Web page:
State job chief: Uber drivers are contractors, not employees

In this Dec. 16, 2014, file photo a man leaves the headquarters of Uber in San Francisco.
In this Dec. 16, 2014, file photo a man leaves the headquarters of Uber in San Francisco. AP

Uber drivers are independent contractors and not employees of the ride-booking service, according to a ruling by the head of the state’s job agency.

In a ruling affecting unemployment insurance in the state, Department of Economic Opportunity Director Jesse Panuccio wrote in an order Thursday that the contract between Uber and its drivers, who use a smartphone app to identify passengers and pick them up, makes them contractors.

“The Department finds that the drivers at issue here — providers of transportation services through the Uber software application — are independent contractors, not employees, and are therefore not entitled to file for unemployment insurance in Florida,” Panuccio’s ruling says.

Earlier this year, Oregon and California made the opposite decision in similar cases, deciding that in their borders, drivers are employees of Uber.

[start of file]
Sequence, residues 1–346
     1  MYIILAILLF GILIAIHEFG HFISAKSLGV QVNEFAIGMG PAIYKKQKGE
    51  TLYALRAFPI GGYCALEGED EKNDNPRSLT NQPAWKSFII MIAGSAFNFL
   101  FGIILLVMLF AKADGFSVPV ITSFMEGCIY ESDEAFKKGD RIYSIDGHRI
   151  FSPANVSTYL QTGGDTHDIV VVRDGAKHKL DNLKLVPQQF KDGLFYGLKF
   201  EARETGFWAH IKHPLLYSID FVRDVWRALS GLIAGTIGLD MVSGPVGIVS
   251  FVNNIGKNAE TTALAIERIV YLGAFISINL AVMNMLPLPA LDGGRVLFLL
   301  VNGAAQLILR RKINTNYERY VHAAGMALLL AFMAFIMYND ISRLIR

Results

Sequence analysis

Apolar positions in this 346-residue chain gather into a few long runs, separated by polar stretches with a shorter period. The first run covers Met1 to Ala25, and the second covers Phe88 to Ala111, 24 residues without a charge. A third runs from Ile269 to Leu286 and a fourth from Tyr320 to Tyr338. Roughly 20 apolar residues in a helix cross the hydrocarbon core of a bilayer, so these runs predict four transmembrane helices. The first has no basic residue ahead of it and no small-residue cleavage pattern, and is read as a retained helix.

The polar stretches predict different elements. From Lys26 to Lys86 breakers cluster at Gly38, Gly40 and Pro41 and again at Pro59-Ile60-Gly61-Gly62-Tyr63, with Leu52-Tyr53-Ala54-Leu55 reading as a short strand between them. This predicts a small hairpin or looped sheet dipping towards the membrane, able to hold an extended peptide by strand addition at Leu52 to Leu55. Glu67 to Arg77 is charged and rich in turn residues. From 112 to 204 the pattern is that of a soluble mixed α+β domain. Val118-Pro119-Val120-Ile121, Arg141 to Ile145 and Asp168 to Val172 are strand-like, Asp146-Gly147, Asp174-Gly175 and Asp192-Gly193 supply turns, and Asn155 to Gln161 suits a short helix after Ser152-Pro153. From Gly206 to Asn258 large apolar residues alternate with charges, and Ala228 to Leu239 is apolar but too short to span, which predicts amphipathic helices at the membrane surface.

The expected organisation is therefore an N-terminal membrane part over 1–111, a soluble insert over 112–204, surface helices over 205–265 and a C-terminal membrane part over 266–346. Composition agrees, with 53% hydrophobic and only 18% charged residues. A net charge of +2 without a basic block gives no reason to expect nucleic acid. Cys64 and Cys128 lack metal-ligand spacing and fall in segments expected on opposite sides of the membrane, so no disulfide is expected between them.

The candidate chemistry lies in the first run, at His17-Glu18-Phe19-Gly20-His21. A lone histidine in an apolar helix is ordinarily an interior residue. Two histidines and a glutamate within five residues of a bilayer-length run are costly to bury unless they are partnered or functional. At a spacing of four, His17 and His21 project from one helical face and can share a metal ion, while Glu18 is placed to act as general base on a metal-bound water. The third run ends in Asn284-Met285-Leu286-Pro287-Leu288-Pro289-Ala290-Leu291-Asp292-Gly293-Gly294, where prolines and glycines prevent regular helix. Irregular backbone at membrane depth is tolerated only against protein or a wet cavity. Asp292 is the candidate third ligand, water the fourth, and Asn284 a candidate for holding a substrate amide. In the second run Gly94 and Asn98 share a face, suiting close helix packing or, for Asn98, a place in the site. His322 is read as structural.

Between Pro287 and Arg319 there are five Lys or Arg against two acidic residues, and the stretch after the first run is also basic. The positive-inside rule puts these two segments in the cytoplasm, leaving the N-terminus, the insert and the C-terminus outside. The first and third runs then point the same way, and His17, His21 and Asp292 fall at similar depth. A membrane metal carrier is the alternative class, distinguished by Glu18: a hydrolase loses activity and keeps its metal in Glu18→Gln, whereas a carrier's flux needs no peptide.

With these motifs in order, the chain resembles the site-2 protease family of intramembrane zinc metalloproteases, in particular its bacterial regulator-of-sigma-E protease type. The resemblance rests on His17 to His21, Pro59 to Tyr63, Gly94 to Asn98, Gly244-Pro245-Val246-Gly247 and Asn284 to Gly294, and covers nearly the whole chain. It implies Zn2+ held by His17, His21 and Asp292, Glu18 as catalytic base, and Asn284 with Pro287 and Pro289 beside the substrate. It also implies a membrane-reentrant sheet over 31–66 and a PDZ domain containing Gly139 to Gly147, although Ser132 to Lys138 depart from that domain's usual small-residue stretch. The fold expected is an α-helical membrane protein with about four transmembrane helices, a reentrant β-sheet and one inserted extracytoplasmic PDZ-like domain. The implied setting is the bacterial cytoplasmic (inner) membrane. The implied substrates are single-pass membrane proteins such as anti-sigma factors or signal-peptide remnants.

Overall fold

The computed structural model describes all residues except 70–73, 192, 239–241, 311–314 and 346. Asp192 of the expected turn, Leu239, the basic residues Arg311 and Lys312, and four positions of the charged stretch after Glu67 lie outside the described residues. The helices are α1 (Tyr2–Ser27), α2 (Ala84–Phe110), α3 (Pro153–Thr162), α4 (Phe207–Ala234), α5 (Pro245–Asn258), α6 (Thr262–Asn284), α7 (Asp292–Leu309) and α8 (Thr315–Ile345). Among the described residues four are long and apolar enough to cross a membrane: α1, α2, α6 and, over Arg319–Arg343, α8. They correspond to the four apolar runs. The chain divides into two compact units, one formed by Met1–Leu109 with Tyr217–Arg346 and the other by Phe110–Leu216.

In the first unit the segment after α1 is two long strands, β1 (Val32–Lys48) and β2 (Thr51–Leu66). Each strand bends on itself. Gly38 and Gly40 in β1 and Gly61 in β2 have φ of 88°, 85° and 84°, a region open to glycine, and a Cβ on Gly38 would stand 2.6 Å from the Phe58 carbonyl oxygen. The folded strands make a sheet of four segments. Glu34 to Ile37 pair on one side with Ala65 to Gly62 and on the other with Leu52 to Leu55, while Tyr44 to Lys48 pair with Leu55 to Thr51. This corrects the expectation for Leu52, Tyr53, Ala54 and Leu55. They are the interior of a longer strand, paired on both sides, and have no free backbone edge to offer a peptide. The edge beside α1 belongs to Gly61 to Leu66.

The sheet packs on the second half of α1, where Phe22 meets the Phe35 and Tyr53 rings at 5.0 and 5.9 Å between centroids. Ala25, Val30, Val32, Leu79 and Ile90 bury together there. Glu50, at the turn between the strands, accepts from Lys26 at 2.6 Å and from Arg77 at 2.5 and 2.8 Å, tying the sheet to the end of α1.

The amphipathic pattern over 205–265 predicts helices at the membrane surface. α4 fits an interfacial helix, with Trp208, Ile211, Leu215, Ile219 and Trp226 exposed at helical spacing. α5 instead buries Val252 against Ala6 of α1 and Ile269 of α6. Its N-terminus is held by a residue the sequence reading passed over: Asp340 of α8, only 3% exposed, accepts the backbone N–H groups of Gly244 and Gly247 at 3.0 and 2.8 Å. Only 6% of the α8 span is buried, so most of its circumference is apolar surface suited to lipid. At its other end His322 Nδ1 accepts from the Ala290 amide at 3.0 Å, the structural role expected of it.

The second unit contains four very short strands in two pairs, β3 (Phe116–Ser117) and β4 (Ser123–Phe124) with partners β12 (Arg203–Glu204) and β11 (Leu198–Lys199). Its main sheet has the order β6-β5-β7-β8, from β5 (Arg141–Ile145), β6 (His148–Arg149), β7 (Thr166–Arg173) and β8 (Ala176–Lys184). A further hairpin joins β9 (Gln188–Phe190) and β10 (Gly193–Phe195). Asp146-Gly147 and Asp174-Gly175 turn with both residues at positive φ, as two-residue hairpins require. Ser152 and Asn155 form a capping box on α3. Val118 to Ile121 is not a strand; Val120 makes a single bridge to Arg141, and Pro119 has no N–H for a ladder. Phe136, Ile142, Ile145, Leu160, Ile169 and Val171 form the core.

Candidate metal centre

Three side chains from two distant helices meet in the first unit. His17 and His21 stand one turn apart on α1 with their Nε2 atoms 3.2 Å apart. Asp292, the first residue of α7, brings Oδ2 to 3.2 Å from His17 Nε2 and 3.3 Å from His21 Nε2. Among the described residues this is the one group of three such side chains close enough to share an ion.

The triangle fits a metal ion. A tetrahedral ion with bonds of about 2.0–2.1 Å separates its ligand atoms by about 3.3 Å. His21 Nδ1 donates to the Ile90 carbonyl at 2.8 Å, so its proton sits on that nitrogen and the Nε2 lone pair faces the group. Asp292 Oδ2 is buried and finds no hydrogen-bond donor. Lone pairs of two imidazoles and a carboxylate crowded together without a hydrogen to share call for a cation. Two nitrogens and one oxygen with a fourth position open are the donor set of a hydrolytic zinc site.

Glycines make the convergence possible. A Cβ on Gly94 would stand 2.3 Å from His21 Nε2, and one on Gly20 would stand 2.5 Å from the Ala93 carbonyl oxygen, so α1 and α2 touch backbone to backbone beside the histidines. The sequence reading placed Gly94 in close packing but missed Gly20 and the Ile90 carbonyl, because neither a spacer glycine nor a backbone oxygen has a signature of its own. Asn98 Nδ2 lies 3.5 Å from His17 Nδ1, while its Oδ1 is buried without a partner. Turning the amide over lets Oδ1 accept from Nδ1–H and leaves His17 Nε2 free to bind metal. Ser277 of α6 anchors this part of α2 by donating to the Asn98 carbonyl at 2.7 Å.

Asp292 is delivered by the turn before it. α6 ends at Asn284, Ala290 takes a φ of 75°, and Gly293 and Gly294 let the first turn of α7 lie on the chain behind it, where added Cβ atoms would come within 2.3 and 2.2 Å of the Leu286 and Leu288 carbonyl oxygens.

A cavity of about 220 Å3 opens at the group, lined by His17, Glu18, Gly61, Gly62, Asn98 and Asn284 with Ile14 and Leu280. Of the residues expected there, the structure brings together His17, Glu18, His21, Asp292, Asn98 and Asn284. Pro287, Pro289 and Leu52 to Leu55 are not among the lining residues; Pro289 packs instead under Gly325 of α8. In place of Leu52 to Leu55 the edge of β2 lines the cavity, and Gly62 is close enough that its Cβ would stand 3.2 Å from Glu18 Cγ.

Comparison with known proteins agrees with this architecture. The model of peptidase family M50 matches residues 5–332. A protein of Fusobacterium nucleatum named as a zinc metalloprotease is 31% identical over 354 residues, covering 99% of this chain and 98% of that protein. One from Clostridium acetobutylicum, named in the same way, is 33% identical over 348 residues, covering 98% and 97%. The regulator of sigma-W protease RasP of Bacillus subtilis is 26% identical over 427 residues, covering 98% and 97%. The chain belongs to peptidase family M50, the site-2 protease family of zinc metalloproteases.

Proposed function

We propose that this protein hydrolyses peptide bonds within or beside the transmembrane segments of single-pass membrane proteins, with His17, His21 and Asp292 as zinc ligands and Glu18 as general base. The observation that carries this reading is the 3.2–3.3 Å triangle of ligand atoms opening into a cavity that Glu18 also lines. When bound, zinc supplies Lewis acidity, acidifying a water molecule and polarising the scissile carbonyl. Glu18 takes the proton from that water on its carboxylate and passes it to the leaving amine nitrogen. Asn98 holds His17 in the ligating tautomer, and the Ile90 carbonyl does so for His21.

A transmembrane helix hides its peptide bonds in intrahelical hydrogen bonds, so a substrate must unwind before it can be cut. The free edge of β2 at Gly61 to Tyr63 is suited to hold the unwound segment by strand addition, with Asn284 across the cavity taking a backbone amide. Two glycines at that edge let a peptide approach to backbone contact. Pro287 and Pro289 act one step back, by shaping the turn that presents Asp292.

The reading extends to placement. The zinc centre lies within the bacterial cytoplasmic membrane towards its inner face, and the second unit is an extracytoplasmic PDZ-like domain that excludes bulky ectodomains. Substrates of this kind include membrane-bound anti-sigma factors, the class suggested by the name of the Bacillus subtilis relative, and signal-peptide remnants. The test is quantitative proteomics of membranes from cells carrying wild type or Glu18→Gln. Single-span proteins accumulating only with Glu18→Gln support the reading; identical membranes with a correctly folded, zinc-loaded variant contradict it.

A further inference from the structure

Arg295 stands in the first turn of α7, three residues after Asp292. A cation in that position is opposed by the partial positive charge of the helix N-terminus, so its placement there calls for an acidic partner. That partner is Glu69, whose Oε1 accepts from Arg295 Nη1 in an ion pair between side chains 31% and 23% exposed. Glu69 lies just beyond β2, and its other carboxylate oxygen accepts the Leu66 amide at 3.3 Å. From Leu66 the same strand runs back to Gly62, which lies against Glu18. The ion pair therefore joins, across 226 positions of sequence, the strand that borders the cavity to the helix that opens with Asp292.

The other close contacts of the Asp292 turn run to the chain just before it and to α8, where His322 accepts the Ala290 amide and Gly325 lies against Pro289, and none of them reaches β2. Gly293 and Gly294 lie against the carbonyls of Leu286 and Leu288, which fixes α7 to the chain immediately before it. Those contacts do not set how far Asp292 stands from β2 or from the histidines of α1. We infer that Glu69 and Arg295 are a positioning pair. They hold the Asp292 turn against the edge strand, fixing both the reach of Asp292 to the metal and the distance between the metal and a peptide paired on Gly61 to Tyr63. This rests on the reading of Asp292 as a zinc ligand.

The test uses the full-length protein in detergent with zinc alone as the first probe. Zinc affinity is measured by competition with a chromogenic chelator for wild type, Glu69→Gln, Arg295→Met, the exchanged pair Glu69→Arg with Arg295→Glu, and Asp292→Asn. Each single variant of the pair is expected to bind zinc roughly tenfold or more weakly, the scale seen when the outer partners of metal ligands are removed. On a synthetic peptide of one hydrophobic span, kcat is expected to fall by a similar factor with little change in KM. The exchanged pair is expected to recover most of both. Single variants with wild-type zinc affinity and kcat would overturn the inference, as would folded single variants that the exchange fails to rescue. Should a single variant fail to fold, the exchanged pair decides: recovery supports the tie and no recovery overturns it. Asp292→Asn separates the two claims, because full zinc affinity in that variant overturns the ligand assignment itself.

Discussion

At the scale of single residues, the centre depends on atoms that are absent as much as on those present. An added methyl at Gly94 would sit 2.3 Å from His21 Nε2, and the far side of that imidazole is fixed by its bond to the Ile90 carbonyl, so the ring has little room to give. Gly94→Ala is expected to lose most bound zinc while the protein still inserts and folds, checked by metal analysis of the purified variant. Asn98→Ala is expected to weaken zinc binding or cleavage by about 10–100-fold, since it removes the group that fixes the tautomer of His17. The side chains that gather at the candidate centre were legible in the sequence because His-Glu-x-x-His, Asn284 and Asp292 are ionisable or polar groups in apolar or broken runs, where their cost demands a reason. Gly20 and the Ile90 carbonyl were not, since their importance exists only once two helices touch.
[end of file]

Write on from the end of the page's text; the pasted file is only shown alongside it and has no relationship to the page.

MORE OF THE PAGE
While Panuccio’s decision only applies to unemployment insurance, it raises a bigger question about the relationship between companies like Uber and the people it pays, even as ride-booking apps’ mere existence continues to be an issue in some parts of the state, including Miami-Dade and Hillsborough counties.

After losing access to the Uber app as drivers, Darrin McGillis of Cutler Bay and Melissa Ewers of Temple Terrace sought unemployment benefits from the state. They argued that because they had been earning a living through the app and had then lost that source of income, they were entitled to state benefits.

But Panuccio says existing state law provides for the relationship between Uber and drivers, as contractors.

“We need not break new legal ground or upend economic progress by transforming middlemen into employers,” he wrote.


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